In its first year in the program, Timmins recommended 41 candidates for immigration, most of whom were already living, working, and studying in the community, noted coordinator Madison Mizzau.
“International student graduates made up the vast majority of the recommendations in the first year,” she said.
“They’ve been living here, they’ve been studying here for over two years, and they’ve really integrated into the community, into their jobs, so we’re very happy that they did make up a vast majority.”
The remainder of the recommended applicants were living in Timmins on temporary work permits, or were international recommendations that local employers had been in the process of recruiting, Mizzau said.
Now well into the second year of RNIP, Timmins has already identified more than 41 candidates and, despite some setbacks due to COVID-19, is optimistic about its prospects.
“We’re hoping to have a more successful year this year,” Mizzau said.
Thunder Bay also drew from its postsecondary educational community for the majority of its first-year applicants.
Of those recommended, 68 per cent came from either Confederation College or Lakehead University, Lauzon said, and 50 per cent of the job offers for applicants came from just two employers: St. Joseph’s Care Group and Thunder Bay Regional Hospital.
Lauzon credited the community selection process as an integral reason for the program’s success.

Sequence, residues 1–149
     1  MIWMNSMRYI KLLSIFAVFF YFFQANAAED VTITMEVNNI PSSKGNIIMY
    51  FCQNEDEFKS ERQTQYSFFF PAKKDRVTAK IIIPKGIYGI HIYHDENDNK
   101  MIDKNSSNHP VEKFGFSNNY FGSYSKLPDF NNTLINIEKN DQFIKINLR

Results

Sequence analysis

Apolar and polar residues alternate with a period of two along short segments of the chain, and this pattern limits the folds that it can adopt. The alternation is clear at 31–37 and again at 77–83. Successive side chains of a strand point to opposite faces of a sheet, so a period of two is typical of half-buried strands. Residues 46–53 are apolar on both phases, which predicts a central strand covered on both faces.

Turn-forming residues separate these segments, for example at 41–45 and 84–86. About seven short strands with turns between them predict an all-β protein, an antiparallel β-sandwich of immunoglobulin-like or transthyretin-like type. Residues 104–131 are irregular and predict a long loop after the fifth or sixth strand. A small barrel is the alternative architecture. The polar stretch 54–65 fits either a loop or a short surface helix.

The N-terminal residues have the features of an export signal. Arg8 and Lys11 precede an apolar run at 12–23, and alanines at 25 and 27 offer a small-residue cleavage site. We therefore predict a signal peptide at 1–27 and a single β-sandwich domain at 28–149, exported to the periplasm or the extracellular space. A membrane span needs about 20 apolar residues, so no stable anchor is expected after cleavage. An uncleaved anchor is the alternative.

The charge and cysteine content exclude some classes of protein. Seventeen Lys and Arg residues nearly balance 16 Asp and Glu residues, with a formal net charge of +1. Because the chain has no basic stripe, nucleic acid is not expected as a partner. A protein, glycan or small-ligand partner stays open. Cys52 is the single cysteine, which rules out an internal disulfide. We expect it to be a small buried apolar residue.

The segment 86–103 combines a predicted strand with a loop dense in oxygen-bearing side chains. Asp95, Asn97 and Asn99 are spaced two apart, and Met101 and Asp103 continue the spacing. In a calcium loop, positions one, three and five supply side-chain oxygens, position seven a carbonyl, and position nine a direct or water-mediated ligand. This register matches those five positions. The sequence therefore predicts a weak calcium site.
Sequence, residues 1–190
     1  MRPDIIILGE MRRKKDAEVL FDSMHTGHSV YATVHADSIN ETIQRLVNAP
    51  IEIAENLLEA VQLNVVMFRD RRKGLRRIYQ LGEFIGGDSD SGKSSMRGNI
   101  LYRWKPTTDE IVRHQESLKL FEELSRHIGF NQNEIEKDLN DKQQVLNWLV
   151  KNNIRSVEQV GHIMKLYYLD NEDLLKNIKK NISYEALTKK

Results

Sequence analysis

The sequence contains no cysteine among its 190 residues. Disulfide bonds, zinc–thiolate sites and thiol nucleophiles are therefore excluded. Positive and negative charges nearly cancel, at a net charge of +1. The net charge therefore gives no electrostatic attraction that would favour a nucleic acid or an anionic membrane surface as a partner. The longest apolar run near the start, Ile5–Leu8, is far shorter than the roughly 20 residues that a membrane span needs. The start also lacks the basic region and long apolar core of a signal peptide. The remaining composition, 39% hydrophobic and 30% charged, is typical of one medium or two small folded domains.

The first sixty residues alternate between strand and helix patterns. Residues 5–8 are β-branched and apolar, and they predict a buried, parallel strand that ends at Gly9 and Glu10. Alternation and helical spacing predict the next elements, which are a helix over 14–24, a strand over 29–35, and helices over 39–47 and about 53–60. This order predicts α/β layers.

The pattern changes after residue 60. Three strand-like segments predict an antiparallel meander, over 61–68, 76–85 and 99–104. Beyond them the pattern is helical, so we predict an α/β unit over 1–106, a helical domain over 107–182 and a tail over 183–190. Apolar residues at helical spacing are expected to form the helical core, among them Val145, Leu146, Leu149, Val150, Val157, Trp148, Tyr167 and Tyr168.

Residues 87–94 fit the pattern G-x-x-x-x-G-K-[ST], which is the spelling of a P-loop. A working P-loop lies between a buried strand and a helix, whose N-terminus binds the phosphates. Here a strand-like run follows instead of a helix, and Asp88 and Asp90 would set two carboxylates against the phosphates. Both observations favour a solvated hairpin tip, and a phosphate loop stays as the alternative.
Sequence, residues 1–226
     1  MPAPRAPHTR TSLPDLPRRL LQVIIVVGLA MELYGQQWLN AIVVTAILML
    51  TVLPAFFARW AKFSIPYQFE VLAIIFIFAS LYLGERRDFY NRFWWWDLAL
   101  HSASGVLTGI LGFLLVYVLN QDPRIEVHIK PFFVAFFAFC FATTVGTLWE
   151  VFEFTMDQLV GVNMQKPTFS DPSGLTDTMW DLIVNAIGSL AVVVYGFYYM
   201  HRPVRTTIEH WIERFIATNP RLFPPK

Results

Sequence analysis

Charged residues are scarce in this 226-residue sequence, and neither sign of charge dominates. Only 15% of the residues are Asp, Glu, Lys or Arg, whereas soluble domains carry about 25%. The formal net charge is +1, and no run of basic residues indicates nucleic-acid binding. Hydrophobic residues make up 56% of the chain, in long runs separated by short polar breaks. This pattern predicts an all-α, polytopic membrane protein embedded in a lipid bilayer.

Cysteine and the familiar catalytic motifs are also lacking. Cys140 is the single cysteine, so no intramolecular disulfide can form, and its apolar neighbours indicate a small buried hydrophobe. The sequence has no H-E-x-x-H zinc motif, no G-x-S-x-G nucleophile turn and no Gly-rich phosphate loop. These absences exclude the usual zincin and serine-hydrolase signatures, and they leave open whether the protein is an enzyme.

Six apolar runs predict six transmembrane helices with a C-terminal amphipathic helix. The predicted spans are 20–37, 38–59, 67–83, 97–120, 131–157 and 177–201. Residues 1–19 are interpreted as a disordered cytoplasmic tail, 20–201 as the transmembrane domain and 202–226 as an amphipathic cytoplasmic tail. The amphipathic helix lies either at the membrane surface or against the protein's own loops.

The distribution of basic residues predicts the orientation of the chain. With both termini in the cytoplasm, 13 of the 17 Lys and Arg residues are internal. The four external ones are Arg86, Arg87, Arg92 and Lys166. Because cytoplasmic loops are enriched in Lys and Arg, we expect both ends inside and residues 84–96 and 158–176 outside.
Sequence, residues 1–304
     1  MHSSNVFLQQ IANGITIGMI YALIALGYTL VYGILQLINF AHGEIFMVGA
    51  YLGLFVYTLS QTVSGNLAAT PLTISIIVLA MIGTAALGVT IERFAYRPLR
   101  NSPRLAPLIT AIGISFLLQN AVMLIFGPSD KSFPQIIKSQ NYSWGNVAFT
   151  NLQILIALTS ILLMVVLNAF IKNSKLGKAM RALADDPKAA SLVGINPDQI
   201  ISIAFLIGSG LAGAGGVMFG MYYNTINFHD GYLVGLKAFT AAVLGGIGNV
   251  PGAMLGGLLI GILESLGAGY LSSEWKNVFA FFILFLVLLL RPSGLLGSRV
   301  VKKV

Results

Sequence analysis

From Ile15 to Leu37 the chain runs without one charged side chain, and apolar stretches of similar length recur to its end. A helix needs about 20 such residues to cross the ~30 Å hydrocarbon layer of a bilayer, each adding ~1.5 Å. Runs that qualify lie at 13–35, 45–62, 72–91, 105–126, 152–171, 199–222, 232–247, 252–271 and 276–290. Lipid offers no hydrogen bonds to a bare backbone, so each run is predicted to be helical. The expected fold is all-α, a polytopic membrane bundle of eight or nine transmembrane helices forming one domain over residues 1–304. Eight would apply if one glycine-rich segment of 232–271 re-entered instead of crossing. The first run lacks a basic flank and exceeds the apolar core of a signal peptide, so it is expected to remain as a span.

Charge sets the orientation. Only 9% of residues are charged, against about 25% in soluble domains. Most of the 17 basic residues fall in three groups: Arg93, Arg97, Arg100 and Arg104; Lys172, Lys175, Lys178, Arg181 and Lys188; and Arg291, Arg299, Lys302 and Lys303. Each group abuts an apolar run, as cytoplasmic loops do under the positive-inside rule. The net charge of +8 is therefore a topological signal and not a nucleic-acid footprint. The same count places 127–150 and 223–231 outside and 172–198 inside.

“You have real people living and working in the community that are supporting the applicants and employers. It’s a very tangible experience,” Lauzon said.
“There’s a lot of trust that can be built about this type of process and about the system, which gives a willingness to use the pilot, both from the candidate side and the employer side.”
North Bay has taken a unique approach to RNIP, with the North Bay & District Chamber of Commerce taking point on the program’s rollout.
Patti Carr, the former vice-president of policy and communications for the chamber, helped lead the process during its early stages.
Carr has long advocated for an expansion of RNIP beyond just the five big northern cities, so that even smaller, rural areas can fulfill their workforce needs as well.
In North Bay’s initial proposal to IRCC, the city wanted a catchment area that reached as far north as Kirkland Lake and as far south as Burk’s Falls. But that outline was rejected.
“There are some great companies all the way up the (Highway 11) corridor, and our focus was the businesses that required staffing and higher skilled staff,” Carr said.
“They ended up giving our catchment area a 45-kilometre radius around North Bay, but not recognizing that 75 per cent of that was bush and lakes.”
Carr said the city has filled spots where it can, but there are still plenty of other gaps in manufacturing, health care, IT and aviation – in North Bay and beyond.
She still believes that an expanded model has potential and is hopeful IRCC will consider it in the future.
“I think it’s still doable, and we’re still getting questions from those areas,” she said. “I just hope they open that up.”
If the program does expand, Mizzau believes it can be a great advantage for communities across the North.
Immigrants tend to settle in Vancouver, Toronto or Montreal, she noted, but RNIP has done a superb job of boosting the profile of communities like Timmins amongst the international newcomer community.
“I think all of us have experienced a lot of interest from across the country, from international applicants who might not have heard of our communities prior to RNIP, but it has really put, at least Timmins, on the map as a place to live and work,” Mizzau said.
“This would definitely be beneficial to other communities.”